In 1998, Brazil squeezed into the finals after beating the Netherlands 4-2 on penalties
By Daniel Gallas
Friday's World Cup quarter-final between Brazil and the Netherlands has the makings of a classic.
The two sides have faced each other three times in the tournament's history - and all three have been unforgettable matches.
In Brazilian minds, the Dutch team has always been one of flair and creativity, the same adjectives usually applied to their own sides.
Selecao coach Carlos Dunga, who played the Dutch twice in past World Cups, said this week that the Netherlands are the most "South American team in Europe" and boast more skilful players than any other European squads.
It is still important to play beautifully but we all have to understand that it isn't possible to do a nice dribble every game
But flair and creativity are not words being used to describe either Brazil or the Netherlands this time around in South Africa.
Dutch legend Johan Cruyff says that he would "never pay for a ticket" to watch Dunga's squad, which he describes as "not special" and "just like any other team". It is a view shared by many Brazilians.
Fans and journalists in the Netherlands have been equally unimpressed by their side, who have won all of their matches so far but with just enough football to get by.
Brazil and the Netherlands met in the World Cups of 1974, 1994 and 1998.
On the first occasion, much was expected from the Brazilians, who still had many of the same players from the dazzling Cup-winning squad of 1970, but they were beaten by perhaps the best Netherlands team of all time, led by Cruyff.
Twenty years later, flair had already given way to efficiency and force in both teams. Still, they managed to put on one of 1994's truly thrilling matches.
The Dutch came from 2-0 down to tie the match midway through the second half before a superb free-kick by Branco gave Brazil the win and a spot in the semi-finals.
To most fans, Brazil were unremarkable throughout the tournament, except for that match against the Netherlands.
1974 - Cruyff inspires Dutch to win over Brazil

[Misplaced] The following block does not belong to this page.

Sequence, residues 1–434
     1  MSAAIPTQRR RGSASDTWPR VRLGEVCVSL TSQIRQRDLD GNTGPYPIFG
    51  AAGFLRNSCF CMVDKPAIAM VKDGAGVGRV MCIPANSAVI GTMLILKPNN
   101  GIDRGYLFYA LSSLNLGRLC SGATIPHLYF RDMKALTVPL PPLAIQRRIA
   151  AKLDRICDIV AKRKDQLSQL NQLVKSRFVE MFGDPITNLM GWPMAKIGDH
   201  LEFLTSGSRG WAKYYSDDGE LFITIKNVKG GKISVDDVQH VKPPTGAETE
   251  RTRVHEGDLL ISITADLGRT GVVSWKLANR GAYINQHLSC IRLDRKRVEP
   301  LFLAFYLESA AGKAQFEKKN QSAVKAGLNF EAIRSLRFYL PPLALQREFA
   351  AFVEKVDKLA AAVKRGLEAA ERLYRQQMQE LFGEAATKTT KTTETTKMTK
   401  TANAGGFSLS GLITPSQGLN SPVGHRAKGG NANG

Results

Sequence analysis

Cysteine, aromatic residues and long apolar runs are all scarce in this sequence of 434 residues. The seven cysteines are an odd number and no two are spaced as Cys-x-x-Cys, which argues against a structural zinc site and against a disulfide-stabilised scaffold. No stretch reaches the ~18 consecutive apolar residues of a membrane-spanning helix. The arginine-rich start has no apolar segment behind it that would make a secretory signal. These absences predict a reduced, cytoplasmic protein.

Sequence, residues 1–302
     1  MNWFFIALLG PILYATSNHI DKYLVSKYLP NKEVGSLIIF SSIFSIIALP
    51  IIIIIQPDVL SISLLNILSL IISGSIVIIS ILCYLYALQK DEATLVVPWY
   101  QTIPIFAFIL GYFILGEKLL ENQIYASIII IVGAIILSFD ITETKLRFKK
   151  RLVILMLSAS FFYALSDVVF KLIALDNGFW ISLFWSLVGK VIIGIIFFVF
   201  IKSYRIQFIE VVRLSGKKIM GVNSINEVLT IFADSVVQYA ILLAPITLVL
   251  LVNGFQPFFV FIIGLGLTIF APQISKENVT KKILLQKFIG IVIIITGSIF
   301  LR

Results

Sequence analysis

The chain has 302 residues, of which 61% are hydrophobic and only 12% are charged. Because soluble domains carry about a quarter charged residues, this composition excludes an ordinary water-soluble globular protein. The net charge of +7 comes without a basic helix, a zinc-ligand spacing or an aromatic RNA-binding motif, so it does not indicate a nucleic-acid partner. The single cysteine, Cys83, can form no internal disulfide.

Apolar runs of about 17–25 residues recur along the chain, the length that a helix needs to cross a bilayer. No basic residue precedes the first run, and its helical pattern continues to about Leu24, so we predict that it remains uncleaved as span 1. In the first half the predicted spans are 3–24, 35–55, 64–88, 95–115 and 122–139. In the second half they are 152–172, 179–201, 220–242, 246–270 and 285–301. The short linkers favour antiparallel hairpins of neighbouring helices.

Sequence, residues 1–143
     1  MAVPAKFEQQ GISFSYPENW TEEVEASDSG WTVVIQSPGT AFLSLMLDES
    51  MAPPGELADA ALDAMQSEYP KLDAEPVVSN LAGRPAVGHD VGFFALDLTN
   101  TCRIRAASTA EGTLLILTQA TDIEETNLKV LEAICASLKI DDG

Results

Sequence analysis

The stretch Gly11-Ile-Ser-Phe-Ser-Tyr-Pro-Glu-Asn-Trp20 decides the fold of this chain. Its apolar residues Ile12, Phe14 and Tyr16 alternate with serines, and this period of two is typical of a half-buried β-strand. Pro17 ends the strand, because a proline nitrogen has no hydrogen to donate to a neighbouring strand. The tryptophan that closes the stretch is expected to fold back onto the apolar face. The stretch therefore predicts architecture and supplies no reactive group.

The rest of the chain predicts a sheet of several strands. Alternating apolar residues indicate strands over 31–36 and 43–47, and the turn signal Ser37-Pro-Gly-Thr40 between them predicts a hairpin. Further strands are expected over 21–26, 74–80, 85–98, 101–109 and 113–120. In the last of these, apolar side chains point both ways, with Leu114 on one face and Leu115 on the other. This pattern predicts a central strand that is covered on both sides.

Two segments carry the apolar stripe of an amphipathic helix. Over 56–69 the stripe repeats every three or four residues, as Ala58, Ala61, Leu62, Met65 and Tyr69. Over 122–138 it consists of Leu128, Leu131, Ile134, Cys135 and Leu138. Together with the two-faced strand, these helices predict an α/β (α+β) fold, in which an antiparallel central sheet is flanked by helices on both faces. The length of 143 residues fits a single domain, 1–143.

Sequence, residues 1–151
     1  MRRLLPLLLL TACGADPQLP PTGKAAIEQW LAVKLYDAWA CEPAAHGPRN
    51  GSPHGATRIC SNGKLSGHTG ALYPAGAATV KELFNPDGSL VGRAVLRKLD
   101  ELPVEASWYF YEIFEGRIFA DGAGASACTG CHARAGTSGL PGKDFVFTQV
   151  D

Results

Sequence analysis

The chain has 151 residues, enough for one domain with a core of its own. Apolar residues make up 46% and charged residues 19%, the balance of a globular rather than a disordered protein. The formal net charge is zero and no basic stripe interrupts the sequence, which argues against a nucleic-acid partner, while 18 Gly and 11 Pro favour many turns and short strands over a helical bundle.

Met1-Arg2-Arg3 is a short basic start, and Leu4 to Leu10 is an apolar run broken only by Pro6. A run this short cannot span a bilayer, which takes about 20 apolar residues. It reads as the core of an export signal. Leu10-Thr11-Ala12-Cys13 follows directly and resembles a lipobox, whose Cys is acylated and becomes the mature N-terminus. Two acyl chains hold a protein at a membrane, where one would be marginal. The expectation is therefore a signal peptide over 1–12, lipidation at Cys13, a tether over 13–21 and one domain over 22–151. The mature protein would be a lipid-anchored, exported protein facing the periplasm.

In 1998, both sides had quality players - like Ronaldo, Rivaldo, Patrick Kluivert and Dennis Bergkamp - but Brazil were again successful, winning the semi-final in a penalty shoot-out.
In recent years, both the Netherlands and Brazil have moved away from their traditional strengths.
If it is true that the "beautiful game" has been dropped in favour of more efficient but colourless football, and no two coaches have done more do promote that style than Dunga and Dutch counterpart Bert van Marwijk.
Their teams cruised through qualifying for the finals in South Africa and never looked in danger of losing in the earlier rounds of this World Cup. Yet most of their performances have been unremarkable.
The Netherlands won all their games with the minimum of fuss while Brazil, unable to convert more than 60% of possession into shots and goals, only received positive headlines back home following the last-16 win against Chile.
There is a split among Brazilian players about the importance of playing dazzling football.
Goalkeeper Julio Cesar
says that the "beautiful game" is a thing from the past and does not exist anymore.
"I would always prefer to play ugly and win than to play beautifully and lose," he says.
Defender Maicon and striker Grafite agree. Grafite says that a superb goal, like the one he scored for Wolfsburg against Bayern Munich last year, is just as important as any scored with the knee or the shin.
Yet Robinho and Kaka insist flair is important, since it is what Brazil are famous for. For Robinho, modern football is about finding the right balance between efficiency and creativity.
"It is still important to play beautifully but we all have to understand that it isn't possible to do a nice dribble every game," says the striker.
Dunga, whose philosophy has remained intact despite all the criticism, believes Brazil's match with the Netherlands will be great to watch, as contest between the countries always are.
"The Netherlands have stuck with their tradition of forming good groups and playing well," he says.
"It is not a team worried only about defence and playing long balls. They have good, skilful players. It will be very difficult."